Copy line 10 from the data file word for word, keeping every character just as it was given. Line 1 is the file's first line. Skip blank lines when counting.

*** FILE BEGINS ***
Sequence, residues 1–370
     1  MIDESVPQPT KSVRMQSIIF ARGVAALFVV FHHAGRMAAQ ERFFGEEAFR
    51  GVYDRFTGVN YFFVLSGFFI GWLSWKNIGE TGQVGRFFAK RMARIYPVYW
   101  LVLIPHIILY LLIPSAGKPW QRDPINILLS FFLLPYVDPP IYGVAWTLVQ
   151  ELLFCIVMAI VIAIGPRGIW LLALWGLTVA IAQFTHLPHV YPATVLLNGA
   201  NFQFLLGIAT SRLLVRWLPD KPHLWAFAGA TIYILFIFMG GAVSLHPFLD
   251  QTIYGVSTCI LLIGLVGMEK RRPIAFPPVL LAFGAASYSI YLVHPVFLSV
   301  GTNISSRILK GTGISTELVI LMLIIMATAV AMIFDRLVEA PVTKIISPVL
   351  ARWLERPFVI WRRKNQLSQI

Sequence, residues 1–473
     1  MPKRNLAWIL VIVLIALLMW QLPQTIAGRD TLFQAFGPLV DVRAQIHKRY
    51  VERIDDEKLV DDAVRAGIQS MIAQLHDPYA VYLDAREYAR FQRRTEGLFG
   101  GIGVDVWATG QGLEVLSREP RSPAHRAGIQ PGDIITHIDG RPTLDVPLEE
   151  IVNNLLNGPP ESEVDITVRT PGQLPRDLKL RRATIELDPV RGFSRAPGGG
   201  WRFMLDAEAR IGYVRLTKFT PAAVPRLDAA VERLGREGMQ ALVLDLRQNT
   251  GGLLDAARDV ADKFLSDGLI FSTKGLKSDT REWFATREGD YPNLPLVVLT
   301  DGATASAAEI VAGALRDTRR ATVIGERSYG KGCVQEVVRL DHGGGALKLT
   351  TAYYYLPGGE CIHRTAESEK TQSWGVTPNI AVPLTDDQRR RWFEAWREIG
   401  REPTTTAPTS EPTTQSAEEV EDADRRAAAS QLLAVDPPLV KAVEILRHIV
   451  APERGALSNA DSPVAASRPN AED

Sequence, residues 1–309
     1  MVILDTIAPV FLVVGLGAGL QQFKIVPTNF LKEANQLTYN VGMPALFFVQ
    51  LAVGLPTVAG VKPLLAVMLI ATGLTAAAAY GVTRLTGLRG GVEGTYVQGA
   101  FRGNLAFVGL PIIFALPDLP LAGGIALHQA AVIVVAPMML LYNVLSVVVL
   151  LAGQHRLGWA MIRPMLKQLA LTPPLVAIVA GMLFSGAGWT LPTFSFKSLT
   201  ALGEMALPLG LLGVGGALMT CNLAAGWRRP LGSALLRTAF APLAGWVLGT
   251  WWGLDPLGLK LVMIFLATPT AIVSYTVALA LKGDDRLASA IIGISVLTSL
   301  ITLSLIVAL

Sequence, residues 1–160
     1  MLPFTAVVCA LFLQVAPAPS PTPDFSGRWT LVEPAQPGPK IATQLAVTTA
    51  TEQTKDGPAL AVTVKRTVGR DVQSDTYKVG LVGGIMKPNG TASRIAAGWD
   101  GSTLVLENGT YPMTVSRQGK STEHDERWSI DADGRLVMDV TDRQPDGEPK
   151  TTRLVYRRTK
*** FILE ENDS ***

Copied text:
Sequence, residues 1–473